Catastrophic Disability

Some policies will also extend the duration of benefits if the insured suffers a catastrophic disability such as the loss of speech, hearing, eyesight, or limbs either due to amputation or if the limb is no longer functional.  If the policy contains such provisions, the policy specifications will indicate the coverage, and the details are found in a rider or endorsement to the policy.

Social Security Disability

While rare, some policies will only pay benefits for a limited period if the insured fails to qualify for Social Security disability benefits.  Given that it is a lengthy process to apply for Social Security disability benefits, it is advisable for insureds with relevant policy to submit their application for Social Security benefits as early as possible.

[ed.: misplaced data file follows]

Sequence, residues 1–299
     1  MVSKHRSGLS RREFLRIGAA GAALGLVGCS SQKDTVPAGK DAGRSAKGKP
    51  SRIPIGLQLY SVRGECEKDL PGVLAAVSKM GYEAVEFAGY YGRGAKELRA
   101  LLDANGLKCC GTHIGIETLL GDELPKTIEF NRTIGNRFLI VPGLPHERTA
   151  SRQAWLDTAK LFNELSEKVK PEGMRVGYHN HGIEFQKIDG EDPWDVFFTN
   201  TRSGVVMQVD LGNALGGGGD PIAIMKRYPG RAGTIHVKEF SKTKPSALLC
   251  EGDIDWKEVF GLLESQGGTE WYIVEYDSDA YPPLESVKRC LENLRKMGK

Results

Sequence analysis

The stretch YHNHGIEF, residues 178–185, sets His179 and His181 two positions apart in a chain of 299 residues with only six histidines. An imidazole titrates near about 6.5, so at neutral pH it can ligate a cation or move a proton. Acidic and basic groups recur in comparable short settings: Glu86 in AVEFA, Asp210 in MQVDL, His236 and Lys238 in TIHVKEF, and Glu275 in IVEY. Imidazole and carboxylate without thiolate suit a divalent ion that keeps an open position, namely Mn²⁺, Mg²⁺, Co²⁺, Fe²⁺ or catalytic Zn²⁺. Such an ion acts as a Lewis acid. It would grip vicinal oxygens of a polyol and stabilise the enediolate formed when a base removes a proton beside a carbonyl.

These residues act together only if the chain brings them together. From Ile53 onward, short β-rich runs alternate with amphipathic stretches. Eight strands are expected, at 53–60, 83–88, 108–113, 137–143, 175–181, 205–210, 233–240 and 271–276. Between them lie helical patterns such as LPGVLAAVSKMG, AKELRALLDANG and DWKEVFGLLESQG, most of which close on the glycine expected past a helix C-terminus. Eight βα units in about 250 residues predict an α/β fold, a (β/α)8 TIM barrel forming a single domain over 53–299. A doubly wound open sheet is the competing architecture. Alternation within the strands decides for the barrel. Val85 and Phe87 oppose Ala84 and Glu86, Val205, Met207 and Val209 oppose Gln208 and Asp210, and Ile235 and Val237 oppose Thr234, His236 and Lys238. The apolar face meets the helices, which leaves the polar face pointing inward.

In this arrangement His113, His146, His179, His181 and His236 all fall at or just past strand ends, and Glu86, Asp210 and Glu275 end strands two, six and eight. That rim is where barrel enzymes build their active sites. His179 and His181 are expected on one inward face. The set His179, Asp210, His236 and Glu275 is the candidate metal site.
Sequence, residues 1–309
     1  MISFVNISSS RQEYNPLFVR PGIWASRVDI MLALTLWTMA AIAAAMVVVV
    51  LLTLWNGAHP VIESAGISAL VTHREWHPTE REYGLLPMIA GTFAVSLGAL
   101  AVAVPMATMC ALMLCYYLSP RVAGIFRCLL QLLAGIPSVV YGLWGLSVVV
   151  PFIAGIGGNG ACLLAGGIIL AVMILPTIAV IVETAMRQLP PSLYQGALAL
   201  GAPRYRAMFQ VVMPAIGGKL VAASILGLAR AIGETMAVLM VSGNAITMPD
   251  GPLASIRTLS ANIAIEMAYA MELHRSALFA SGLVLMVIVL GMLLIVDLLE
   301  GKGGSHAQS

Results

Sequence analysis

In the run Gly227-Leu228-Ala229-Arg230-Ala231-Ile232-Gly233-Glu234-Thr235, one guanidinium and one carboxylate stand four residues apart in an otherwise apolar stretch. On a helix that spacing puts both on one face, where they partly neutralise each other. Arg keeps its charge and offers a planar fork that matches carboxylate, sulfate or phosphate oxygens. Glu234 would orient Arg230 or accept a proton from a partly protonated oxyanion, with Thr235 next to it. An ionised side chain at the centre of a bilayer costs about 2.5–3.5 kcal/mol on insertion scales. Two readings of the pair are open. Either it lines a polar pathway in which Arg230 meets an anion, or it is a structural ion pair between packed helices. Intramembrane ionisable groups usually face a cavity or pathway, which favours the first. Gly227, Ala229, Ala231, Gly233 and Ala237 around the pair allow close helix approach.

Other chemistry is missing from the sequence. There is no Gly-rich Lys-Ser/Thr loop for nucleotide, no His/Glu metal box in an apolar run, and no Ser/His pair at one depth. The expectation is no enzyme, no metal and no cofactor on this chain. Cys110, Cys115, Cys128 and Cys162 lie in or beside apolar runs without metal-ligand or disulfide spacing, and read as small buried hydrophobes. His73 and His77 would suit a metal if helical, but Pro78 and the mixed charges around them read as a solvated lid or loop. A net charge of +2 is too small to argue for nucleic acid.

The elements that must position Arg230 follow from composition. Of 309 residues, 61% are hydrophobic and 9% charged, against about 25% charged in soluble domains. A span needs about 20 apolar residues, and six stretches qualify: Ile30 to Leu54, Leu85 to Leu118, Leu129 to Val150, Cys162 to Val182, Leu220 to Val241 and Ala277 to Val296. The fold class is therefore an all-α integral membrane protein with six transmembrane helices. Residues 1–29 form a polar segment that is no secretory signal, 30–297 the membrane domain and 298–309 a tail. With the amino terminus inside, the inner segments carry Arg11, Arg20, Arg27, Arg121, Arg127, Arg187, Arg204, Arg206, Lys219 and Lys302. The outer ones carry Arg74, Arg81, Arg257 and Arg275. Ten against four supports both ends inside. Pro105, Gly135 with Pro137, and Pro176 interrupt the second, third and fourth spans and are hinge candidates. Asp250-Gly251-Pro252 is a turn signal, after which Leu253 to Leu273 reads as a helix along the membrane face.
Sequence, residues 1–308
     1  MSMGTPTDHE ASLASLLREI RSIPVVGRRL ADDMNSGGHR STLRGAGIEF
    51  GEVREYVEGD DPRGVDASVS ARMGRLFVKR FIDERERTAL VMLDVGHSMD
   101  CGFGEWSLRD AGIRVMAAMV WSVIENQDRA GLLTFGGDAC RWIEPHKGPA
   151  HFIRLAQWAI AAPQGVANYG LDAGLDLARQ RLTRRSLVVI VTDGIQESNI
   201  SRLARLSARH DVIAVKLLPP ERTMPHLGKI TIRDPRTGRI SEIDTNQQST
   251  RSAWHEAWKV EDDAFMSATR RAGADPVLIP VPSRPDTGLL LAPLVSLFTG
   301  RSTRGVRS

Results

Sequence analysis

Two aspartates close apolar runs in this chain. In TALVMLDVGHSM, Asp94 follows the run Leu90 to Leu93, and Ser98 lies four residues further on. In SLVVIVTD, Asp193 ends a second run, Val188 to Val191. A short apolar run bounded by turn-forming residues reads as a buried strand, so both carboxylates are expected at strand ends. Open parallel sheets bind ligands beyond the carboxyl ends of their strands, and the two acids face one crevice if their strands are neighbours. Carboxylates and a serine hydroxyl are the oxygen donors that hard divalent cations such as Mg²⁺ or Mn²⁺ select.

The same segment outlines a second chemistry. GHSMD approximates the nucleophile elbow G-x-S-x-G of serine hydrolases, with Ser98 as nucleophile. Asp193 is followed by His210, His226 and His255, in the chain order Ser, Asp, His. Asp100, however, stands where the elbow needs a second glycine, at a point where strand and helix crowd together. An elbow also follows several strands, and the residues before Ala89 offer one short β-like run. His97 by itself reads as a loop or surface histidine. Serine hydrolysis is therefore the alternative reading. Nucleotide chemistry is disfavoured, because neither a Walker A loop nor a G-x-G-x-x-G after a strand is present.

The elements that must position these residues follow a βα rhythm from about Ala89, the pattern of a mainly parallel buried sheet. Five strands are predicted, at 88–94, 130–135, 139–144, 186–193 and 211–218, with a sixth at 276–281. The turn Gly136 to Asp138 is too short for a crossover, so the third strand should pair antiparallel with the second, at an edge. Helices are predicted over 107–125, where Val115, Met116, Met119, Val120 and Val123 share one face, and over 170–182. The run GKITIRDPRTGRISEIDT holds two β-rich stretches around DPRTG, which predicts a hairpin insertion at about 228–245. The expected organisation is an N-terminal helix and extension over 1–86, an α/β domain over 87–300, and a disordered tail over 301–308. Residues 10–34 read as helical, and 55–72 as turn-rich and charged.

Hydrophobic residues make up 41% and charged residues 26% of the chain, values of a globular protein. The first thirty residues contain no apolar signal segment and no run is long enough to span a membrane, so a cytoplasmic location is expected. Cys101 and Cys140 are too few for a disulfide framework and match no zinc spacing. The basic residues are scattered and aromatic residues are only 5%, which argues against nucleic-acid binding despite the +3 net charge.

Concluding Thoughts

Disability insurance policies are complex, and it is not always easy to understand the terms of coverage, which often vary significantly from policy to policy.  For anyone who becomes disabled, one of the most important questions that is of immediate concern is the duration of benefit payments.  Benefit recipients need to know this information to plan their economic futures if they are not going to be returning to the workforce.  Hiring an attorney who is knowledgeable in and experienced in handling disability benefits to help explain the policy requirements is often a good idea.  The attorneys at DeBofsky Law have more than 40 years of experience in helping disability insurance claimants obtain benefits and understand how disability insurance policies work.